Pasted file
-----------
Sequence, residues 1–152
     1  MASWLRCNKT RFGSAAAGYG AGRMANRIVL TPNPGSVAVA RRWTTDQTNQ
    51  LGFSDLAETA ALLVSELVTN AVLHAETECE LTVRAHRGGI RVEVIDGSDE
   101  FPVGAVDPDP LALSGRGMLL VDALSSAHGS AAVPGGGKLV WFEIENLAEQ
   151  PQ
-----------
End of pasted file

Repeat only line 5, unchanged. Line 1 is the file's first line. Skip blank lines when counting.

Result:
   151  PQ